Jesus’ skin was black or brown, not white like the elite of El Salvador. Jesus was dirt poor. He was conceived out-of-wedlock by an unwed teenage mother. He was an immigrant in Egypt for a while. He belonged to the working class. His hands were calloused; his clothes were sweat-stained. Jesus liked fiestas and was accused of being a drunkard and friend of whores. He was harassed constantly by the police and died a victim of torture and capital punishment, because the occupation forces of Rome considered him a terrorist.
That was the Jesus Rutilio Grande worshipped and preached – a Jesus completely like the people he served.
And so the White Hand killed him – along with 70,000 other El Salvadorans.
Grande’s death profoundly changed Oscar Romero. He said, “When I saw Rutilio lying there dead, I knew I had to follow his path.” And he did.
Archbishop Romero began speaking out against the government. He saw that the soldiers fighting against peasants and poor people weren’t heroes, but misled and brainwashed victims. Just before his death, he fairly shouted at them in a final homily: “No soldier is bound to follow orders that contradict the law of God. Don’t you see; you are killing your own brothers and sisters . . . I beg you; I implore you; I order you: stop the repression!”
Those words sealed San Romero’s fate. The next evening while celebrating Mass for nuns in a hospital chapel, a sniper got him too. He became the first bishop to be murdered at the altar since Thomas Beckett at the beginning of the 12th century.
The thing was, the archbishop was killed by good Catholics. And there were fireworks and celebrations in the elite neighborhoods when those good Catholics learned of his death. The celebrators were friends of the Vatican who went to church every Sunday and believed all the right things about abortion, contraception and homosexuality.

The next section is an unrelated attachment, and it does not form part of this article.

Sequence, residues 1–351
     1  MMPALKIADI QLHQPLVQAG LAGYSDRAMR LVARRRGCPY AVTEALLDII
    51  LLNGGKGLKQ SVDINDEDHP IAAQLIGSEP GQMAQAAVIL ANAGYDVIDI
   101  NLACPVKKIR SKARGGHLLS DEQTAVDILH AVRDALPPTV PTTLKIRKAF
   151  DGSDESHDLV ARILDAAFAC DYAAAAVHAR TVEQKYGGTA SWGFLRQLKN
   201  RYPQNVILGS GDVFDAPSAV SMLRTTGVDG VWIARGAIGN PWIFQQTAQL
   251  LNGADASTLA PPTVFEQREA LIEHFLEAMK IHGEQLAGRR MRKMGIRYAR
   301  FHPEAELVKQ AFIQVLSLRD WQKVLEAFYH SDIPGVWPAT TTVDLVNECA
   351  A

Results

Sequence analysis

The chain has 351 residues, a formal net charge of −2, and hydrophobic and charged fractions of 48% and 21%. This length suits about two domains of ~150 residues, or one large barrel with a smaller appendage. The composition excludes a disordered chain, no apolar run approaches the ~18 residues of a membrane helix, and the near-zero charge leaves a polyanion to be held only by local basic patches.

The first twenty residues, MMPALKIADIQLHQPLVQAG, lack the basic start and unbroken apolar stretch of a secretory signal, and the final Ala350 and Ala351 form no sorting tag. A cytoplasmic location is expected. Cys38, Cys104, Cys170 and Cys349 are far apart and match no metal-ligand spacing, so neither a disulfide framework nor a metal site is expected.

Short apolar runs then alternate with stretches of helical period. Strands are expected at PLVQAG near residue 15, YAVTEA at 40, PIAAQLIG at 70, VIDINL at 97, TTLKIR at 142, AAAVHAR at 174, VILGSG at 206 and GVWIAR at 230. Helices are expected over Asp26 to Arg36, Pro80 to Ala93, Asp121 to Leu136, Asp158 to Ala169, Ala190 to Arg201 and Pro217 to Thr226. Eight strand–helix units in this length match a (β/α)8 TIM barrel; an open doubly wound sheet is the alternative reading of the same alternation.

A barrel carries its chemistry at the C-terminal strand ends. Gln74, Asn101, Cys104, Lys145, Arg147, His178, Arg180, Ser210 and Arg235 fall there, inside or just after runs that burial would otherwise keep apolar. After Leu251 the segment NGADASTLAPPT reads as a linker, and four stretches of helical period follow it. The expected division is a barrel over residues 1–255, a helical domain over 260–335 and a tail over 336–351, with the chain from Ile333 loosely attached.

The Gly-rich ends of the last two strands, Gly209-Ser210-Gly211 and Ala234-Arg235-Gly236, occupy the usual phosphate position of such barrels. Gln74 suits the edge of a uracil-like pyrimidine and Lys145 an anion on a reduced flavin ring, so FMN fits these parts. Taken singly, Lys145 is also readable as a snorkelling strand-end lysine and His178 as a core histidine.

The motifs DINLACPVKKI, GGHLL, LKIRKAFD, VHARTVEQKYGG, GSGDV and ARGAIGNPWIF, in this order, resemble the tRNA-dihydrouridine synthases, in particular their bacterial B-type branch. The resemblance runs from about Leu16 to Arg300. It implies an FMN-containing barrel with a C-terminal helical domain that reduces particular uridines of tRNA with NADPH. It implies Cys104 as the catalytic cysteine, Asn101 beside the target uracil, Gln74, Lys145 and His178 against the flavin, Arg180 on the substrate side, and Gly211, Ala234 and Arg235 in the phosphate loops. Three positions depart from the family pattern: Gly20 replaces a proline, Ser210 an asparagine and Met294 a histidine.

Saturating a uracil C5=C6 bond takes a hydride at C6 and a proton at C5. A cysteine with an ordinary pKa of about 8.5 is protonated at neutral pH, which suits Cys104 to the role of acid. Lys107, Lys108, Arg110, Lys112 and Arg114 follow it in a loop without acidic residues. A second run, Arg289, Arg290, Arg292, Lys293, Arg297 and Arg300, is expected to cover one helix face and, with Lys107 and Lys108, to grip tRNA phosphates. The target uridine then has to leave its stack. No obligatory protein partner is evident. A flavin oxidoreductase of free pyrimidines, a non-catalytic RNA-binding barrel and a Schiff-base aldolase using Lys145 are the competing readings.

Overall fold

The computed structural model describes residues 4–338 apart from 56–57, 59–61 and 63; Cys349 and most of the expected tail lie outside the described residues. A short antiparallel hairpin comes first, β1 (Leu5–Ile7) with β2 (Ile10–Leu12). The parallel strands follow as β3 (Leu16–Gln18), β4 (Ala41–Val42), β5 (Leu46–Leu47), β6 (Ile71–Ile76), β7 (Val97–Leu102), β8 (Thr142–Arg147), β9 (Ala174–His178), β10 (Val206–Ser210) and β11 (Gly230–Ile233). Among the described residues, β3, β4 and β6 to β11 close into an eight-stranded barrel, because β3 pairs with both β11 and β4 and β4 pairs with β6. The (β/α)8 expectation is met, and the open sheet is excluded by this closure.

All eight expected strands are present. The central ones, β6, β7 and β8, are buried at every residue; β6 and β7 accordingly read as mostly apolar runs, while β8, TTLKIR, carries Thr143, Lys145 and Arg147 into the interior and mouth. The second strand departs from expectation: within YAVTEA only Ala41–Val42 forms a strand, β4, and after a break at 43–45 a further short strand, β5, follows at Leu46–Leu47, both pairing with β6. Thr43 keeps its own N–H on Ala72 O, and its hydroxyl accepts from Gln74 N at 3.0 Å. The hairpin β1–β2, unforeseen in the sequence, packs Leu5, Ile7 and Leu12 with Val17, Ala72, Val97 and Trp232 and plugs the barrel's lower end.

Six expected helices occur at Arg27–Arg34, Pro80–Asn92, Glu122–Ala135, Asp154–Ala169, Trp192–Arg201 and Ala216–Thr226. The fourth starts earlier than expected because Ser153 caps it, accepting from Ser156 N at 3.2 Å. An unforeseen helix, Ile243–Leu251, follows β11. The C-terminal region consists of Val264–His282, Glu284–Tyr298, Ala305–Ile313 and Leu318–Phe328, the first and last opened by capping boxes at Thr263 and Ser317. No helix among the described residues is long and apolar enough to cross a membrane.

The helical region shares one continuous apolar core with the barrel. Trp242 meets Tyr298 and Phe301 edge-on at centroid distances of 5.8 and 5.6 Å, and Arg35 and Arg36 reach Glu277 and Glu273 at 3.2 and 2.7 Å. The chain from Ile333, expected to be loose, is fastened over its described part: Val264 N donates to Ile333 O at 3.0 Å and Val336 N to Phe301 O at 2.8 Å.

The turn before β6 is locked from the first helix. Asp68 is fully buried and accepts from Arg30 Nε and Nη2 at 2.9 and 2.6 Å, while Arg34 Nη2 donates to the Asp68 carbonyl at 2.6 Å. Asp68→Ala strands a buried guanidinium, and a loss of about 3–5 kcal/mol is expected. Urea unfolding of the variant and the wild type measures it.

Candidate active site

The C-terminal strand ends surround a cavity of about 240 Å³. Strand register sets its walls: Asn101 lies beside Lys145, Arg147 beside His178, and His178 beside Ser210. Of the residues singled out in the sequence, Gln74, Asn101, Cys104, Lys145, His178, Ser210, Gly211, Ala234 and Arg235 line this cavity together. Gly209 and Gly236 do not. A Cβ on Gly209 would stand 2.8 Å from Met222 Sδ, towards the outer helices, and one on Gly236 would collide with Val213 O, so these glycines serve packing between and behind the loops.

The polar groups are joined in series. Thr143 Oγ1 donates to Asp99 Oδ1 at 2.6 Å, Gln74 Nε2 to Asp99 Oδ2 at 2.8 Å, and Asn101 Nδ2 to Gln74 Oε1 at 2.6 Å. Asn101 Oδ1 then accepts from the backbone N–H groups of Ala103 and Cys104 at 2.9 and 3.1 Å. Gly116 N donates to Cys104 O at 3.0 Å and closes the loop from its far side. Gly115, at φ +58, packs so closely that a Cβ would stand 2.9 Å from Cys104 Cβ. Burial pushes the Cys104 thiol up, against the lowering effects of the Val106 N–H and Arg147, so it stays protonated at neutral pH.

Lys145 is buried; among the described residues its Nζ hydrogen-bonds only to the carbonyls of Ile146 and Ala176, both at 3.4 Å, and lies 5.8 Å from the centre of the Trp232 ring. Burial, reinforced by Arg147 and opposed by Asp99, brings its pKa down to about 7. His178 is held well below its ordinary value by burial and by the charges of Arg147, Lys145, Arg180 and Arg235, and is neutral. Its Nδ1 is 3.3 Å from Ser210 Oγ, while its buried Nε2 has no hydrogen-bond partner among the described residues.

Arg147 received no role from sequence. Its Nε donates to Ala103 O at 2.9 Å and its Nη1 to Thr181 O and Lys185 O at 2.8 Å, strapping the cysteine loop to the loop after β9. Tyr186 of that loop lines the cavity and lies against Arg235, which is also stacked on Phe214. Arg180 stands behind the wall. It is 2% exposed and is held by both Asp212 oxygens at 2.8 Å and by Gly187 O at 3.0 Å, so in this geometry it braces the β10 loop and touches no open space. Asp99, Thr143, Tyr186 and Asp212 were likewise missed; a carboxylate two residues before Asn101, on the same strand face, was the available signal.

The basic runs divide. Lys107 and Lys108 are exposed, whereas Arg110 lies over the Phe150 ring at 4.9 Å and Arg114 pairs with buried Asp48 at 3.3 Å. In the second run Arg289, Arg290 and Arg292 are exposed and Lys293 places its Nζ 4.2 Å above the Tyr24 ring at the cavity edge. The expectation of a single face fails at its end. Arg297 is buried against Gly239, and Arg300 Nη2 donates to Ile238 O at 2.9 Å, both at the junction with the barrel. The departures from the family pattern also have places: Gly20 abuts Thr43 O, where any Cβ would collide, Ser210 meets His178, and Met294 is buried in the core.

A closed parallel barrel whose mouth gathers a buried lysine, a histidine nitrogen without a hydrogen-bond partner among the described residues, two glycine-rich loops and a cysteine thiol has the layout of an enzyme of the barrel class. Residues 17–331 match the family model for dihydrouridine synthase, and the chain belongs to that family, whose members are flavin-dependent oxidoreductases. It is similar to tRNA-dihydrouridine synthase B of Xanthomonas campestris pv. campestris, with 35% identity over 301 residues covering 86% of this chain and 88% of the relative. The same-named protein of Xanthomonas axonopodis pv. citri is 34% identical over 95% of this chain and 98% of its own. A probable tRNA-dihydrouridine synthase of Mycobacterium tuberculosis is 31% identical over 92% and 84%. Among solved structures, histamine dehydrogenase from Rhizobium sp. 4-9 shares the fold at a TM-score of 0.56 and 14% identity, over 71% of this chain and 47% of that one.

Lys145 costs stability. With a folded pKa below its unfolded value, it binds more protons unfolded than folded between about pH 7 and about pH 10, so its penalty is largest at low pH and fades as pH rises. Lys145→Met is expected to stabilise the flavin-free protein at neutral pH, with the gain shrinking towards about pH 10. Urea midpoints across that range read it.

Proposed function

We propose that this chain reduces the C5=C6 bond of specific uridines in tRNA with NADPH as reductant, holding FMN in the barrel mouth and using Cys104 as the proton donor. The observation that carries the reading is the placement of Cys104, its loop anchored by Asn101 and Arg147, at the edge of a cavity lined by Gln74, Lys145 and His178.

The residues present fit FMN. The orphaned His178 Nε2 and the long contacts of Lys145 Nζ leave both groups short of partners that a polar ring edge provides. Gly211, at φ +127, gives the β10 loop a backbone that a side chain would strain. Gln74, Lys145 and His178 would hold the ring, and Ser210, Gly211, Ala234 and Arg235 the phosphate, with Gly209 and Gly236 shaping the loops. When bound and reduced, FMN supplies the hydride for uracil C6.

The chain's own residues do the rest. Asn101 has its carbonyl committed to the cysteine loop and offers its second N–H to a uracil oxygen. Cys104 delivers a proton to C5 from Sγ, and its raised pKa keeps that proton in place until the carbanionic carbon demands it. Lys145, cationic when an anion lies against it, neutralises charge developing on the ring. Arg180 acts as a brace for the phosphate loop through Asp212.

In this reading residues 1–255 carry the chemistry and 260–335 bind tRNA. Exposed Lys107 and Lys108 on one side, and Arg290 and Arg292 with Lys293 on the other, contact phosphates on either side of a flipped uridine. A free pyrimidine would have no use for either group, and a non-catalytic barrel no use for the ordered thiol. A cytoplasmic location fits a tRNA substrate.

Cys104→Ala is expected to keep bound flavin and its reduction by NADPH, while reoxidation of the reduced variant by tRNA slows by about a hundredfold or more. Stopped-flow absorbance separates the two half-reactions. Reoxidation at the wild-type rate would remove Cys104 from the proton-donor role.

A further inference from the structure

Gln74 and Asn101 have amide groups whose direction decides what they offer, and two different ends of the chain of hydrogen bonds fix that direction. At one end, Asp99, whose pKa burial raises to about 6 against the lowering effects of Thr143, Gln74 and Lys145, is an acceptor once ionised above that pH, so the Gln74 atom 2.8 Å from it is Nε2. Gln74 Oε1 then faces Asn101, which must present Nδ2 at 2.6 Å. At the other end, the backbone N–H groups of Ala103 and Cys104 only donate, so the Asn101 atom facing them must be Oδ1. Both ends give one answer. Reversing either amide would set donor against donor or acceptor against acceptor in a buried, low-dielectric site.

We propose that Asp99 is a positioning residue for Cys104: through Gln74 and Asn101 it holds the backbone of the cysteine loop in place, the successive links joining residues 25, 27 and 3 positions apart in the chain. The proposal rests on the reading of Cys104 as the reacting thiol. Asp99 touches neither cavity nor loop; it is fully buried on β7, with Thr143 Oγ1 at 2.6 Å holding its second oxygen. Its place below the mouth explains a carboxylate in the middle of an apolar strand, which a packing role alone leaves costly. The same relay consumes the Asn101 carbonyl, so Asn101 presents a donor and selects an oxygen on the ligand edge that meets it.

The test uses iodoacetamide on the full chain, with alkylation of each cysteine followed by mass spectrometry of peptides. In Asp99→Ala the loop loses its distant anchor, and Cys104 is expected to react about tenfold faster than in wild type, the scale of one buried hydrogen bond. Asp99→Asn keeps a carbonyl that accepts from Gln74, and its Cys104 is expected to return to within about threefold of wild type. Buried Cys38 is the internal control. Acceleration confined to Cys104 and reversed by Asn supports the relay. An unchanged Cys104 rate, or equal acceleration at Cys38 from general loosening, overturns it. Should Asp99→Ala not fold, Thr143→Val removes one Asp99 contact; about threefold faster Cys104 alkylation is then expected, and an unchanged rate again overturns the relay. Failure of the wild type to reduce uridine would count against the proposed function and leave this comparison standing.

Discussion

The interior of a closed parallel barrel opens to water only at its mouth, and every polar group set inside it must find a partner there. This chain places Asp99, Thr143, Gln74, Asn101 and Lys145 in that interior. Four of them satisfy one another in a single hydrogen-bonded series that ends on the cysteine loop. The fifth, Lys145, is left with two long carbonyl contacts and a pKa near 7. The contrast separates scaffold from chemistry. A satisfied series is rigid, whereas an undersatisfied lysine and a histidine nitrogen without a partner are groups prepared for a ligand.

Ultimately, that’s what blocked Romero’s path to sainthood. I mean, by definition martyrs are Catholics killed “for the faith” by non-believers. Even Pope St. John Paul II was unenthusiastic about Romero’s cause. When the archbishop had come to see him about El Salvador’s plight, the pope said he was exaggerating.
Today our country, like El Salvador in the ‘70s and ‘80s is at war against poor people everywhere, both at home and abroad. Our 1% has more wealth than the GNPs of the 48 poorest countries combined. Three hundred and fifty men are wealthier than 3.5 billion people – half the world. When clergymen, like Jeremiah Wright denounce our wars against the poor, we accuse them of “hating America.” When Muslim clergy side with the poor, we call them terrorists too. Our drones kill them sometimes even in their mosques.
I hope you see how Oscar Romero is completely relevant to us and our country. This evening, please listen carefully to his words which will be centralized in our celebration of his status as a saint. See how they relate to us as followers of the impoverished Jesus living in country at war against the world’s poor. His words call us and our church to radical conversion – political conversion – like his own
It’s never too late.